We have certain rituals—Sunday afternoon dinners, fires in the country on winter nights, morning walks with the dog on Staten Island. Here in Umbria, we’ve got certain towns that we just like to check out every so often. One of them is Spoleto, home to the classical music event Festival dei 2Mondi, and a strategic city-state hundreds of years ago, and a strategic city-state hundreds of years ago.
We just like the place. It’s different enough from Perugia to be interesting. It’s kind of aristocratic, and it’s got a great archeological museum, which, I must confess, The Spartan Woman likes to visit more than I do. (Once is usually enough for me, though I’ll concede that the Roman amphitheater is molto cool.)
So we pointed the red Clio south, with Radio Subasio putting out tunes. One wrong turn looking for the Spoletosfera parking garage, but we got back on track. Note: If you’re coming from the north on SS3, go through the tunnel first, then hang a right.
Like all of the bigger Umbrian towns, Spoleto makes visitors park on the outskirts. And then they have various ways of getting you up (it’s invariably up) into town. In Spoleto’s case, it’s a multilevel parking garage followed by what feels like a metro or subway, except there are no trains. Instead, there are long moving sidewalks, like you find in airports. The town tries to entertain you along the way with big portraits of musical and cinema stars who’ve been at the Spoleto Festival.
Before you know it, you’re in the center of the old town, Piazza della Libertà. There’s a long shopping and cafe street leading away from it, with decent window shopping. (And I didn’t get to buy that cashmere sweater I’ve been coveting yet again. Foiled by Sunday….)
We have our Spoleto spots. We walk to the Duomo. It’s more an aesthetic thing, not a religious pilgrimage. There are some excellent frescoes from the 15th century by Filippo Lippi. I confess that I’m easily seduced by nice colors, and these frescoes do the job admirably. I’m a fan of the pinks, blues, teals, and the background scenes that look like what we see when we walk down our road.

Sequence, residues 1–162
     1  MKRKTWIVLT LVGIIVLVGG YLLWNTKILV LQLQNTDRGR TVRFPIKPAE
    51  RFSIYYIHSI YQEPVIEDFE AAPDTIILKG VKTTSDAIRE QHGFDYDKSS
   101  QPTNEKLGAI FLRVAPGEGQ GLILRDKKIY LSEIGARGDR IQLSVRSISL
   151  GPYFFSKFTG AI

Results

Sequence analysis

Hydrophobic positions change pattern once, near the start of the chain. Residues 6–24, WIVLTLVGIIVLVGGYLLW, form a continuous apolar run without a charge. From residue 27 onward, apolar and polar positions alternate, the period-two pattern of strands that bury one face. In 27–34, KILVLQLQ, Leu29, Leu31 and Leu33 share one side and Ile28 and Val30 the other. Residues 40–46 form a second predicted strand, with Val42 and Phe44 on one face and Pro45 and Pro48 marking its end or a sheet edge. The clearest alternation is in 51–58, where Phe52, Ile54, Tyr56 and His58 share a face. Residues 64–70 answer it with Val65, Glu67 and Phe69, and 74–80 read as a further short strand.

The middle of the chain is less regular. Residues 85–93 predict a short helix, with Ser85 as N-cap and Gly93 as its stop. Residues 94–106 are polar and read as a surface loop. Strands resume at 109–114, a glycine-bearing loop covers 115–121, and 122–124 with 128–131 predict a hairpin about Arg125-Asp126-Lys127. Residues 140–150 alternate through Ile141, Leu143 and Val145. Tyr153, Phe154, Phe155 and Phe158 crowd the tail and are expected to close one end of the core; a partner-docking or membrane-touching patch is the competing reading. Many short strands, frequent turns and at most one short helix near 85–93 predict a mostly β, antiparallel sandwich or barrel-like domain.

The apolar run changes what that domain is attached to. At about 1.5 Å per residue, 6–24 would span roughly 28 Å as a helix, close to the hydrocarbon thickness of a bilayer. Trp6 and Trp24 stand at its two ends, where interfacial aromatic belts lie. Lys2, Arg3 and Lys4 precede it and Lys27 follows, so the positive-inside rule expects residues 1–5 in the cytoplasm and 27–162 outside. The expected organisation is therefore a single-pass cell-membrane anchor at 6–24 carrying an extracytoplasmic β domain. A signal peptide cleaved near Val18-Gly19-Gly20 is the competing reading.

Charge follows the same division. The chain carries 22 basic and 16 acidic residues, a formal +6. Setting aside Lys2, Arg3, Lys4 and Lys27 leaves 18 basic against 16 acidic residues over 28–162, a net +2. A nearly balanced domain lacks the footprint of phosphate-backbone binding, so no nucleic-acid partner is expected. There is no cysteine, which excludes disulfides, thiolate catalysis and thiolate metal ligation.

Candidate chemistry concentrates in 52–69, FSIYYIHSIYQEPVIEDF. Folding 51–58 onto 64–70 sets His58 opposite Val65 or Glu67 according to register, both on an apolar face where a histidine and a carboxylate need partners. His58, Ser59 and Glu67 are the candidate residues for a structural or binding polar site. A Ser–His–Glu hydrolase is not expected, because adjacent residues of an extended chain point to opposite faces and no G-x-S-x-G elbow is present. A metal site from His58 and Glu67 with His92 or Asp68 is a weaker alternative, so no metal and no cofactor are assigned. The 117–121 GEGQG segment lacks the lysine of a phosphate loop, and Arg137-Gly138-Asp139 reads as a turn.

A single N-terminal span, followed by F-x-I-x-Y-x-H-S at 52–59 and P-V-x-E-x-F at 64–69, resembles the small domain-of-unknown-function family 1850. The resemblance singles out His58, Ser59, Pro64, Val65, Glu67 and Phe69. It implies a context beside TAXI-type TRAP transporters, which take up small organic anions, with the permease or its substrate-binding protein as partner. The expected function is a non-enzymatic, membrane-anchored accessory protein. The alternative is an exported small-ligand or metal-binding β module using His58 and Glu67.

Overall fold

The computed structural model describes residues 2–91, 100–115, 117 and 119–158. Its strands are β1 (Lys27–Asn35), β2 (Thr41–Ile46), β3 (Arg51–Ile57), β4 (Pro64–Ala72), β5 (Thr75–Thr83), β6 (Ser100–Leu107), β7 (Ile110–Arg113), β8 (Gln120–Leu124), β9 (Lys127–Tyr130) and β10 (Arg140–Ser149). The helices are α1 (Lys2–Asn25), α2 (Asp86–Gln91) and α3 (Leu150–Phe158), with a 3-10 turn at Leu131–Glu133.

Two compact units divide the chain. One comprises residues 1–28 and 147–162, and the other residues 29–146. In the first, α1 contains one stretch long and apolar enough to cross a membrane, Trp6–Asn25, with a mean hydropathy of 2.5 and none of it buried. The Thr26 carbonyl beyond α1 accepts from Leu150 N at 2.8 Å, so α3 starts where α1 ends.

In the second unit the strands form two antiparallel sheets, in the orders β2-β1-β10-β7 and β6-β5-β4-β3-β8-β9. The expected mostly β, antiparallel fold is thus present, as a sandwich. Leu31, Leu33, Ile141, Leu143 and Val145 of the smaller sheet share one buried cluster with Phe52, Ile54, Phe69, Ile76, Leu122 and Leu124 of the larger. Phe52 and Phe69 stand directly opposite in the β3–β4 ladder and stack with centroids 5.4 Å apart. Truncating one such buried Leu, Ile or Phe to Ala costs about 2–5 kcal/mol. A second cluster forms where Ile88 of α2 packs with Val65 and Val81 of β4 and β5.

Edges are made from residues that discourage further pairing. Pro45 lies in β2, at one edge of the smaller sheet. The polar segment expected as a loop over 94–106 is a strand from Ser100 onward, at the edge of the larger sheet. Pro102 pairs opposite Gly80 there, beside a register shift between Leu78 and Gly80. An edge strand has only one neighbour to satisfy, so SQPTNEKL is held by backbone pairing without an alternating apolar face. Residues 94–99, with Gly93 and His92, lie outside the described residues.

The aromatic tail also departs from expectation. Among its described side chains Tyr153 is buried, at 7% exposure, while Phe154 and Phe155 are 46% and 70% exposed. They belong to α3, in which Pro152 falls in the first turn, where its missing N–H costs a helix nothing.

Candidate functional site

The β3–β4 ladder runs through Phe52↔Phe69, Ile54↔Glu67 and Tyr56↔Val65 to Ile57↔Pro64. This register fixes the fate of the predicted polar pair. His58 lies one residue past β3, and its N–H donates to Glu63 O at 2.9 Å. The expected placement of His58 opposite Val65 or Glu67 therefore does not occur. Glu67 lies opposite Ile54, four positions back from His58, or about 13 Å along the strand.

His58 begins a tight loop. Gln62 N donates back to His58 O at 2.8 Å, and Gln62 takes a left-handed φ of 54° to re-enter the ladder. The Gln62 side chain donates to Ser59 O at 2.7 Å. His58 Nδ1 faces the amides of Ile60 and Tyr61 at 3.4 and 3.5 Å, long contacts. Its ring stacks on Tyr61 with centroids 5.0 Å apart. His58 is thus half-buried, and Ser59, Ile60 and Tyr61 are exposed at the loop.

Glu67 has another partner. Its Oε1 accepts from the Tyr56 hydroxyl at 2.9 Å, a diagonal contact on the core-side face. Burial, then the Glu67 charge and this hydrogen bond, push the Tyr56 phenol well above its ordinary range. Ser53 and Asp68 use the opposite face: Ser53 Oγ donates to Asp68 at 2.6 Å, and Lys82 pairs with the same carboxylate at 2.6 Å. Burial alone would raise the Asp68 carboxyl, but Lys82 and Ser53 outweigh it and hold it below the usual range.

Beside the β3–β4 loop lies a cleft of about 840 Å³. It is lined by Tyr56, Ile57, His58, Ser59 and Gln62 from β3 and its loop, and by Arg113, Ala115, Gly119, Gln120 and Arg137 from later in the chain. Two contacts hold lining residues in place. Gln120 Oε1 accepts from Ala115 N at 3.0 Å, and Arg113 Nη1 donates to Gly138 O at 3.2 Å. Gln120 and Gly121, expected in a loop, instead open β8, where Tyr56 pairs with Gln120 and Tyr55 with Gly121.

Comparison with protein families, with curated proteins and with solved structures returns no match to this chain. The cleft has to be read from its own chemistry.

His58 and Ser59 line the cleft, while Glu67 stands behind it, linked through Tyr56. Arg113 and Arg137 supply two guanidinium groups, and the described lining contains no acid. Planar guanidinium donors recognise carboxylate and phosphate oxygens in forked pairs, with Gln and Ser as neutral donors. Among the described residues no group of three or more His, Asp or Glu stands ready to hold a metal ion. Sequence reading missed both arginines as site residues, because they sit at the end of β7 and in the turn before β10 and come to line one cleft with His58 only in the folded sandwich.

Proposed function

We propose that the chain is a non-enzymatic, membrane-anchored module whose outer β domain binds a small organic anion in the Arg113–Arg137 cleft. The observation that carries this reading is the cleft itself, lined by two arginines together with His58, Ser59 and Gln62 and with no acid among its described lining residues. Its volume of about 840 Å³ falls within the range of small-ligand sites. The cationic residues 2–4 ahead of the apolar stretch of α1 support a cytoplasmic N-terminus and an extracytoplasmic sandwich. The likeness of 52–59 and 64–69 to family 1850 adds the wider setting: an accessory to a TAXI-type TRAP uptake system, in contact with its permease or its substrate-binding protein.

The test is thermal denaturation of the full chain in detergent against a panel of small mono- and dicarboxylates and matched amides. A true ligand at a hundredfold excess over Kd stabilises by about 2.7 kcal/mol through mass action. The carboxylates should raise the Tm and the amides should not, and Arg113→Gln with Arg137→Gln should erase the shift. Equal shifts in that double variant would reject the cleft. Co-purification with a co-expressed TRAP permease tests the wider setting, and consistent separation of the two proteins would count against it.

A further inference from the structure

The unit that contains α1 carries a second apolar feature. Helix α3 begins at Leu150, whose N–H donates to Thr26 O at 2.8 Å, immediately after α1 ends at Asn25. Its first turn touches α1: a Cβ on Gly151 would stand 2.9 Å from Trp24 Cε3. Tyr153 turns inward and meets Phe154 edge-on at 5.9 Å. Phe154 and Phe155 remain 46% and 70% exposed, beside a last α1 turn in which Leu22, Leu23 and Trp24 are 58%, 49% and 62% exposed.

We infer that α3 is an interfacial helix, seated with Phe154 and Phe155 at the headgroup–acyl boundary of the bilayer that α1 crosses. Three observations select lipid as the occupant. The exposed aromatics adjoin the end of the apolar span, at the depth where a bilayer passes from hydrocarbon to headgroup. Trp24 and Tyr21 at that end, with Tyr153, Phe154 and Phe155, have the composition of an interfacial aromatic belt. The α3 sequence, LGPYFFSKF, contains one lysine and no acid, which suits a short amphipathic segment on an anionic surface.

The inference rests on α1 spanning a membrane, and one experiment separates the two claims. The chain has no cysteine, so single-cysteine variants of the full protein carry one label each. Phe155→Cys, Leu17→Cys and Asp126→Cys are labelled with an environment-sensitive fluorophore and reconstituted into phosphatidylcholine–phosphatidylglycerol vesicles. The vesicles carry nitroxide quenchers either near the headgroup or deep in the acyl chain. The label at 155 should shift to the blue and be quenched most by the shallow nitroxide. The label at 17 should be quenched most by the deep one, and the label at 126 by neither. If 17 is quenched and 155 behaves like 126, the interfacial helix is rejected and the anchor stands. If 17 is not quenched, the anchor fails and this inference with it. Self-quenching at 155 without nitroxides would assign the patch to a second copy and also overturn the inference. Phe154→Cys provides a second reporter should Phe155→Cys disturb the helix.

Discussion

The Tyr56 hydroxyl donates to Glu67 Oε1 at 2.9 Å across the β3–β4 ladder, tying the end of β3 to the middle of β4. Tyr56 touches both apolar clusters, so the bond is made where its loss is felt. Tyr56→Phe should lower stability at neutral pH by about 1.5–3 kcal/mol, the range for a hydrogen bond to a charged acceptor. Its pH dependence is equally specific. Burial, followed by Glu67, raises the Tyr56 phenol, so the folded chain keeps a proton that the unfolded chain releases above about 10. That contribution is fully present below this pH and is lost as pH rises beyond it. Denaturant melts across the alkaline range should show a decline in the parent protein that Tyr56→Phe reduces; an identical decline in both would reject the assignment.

When our older kid was a baby, she had an uncontrollable nosebleed outside the cathedral, for some reason. I’ll never forget the people who rushed up and tried to help. When we last went to Spoleto with her, she marked her return triumphantly.
We weren’t through playing tourist. Suckers for a great view, we took advantage again of the city’s system of passages and elevators and went up to the Rocca Albornoziana (fort), which presides over the city. You can easily imagine how people repelled invaders. For one thing, on one side of the fort you can see up the valley forever. If an army was stupid enough to take that route, you can bet that the Spoletani were prepared.
After all this traipsing around, we were hungry. Luckily, we reserved a table at Apollinare. After a decade of restaurant reviews, we’re pretty jaded and don’t go out to fancy places much. But Apollinare is worth it, and is a steal by New York standards. Like L’Officina, which I wrote about a couple of weeks ago, Apollinare takes some liberties with traditional Umbrian food. Unlike L’Officina, Apollinare has an old-school vibe in its decor and service, the latter being scrupulously correct and discrete, while being friendly.
You can order a la carte, but Apollinare has theme menus, too. We opted for the vegetarian one. It’s always interesting to see what a top restaurant does given a no-meat challenge, and the place was up to it. I wonder if a carnivore would even notice, given the creative and delicious food presented to us. Here are some shots.
Last year around this time, we came to Spoleto with our friends Wendy and Vicky. After a great meal at Apollinare, we stumbled up the street and onto Spoleto’s Carnevale parade. It was great fun seeing all the floats, and dancers, and we had confetti and silly string in our hair and clothes for hours afterward. We didn’t get to see it this year, but here’a sample of last year’s fun.